Props for crops

Prop: n. something that holds up or sustains

Pole bean props - with twine

Pole bean props - with twine

With the help of my ex, I’ve created the necessary support systems for my bean-crop-to-be. Two 7′ pieces of scrap wood and four screws (cost $2.48) are now screwed to my raised bed, and soon the vines will be hauling ass up the strands of twine till they’re way out of my shrimpy reach at harvest time.

My family is famous (in our tiny circle of string bean fans anyway) for our Blue Lake pole beans. My parents grew so many that I swear my mom spent her entire summer slicing them (on the diagonal, if you please) and blanching them for a freezer full.

I’m not big on frozen beans but I make a mean dilly bean.

—–

Other crop prop projects:

My ex and I also encased my four LOADED blueberry bushes in a cage of bird-proof netting. The bushes are about six feet tall and at least that wide. This year I’m going to have to borrow freezer space again because my freezer will be berried out by mid-July.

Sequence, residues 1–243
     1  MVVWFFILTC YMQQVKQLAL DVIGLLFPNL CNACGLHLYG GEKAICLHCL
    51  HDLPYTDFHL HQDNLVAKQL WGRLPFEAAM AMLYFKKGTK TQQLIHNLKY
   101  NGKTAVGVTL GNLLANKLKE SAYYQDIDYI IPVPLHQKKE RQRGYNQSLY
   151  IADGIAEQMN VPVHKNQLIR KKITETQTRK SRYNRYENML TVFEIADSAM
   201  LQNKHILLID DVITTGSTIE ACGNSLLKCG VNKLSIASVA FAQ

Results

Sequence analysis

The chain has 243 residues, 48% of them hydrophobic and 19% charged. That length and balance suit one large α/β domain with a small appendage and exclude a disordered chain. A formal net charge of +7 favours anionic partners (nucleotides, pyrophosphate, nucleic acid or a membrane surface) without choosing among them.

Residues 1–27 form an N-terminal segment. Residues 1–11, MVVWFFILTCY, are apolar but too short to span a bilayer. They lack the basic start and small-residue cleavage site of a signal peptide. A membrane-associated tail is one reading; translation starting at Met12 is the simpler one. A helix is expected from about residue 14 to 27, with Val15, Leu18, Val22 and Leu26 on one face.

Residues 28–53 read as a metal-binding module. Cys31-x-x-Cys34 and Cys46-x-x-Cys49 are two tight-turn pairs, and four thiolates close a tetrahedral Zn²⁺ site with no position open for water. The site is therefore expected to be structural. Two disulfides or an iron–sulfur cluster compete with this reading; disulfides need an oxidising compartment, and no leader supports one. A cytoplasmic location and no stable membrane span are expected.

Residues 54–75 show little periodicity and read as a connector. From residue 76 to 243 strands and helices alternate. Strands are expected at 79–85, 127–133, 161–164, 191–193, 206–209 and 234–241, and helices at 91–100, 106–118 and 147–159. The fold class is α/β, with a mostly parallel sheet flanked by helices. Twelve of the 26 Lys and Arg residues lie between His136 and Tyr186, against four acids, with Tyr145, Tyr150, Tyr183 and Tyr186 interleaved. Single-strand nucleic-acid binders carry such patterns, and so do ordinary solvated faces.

I’ve encased my tomatoes in cages, which they will overrun within a month. Why do they make them so wimpy?

Finally, my ancient grape arbor is tottering under the weight of an unusually hyperactive vine. I’m going to be inundated come September. Maybe this year I’ll figure out an easier way to make raisins… (wine??). Meanwhile, after hacking back the grasping tendrils, I harvested a bag full of tender grape leaves I’ll try brining.

grape arbor

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2 responses to “Props for crops

  1. Mary Sohlstrom

    I stand in awe of your need to grow, and wonder how you will part with all that lovely labor should your house sell. Surely someone will come along with your enthusiasm for lush and lovely and you will have to leave the beans unharvested, the wine unmade. How can you possibly contemplate leaving this all behind?
    Greet Martin for me.
    Mary

  2. It’s a need to contract, Mary. I’m just one person and it’s a third of an acre of gardens!

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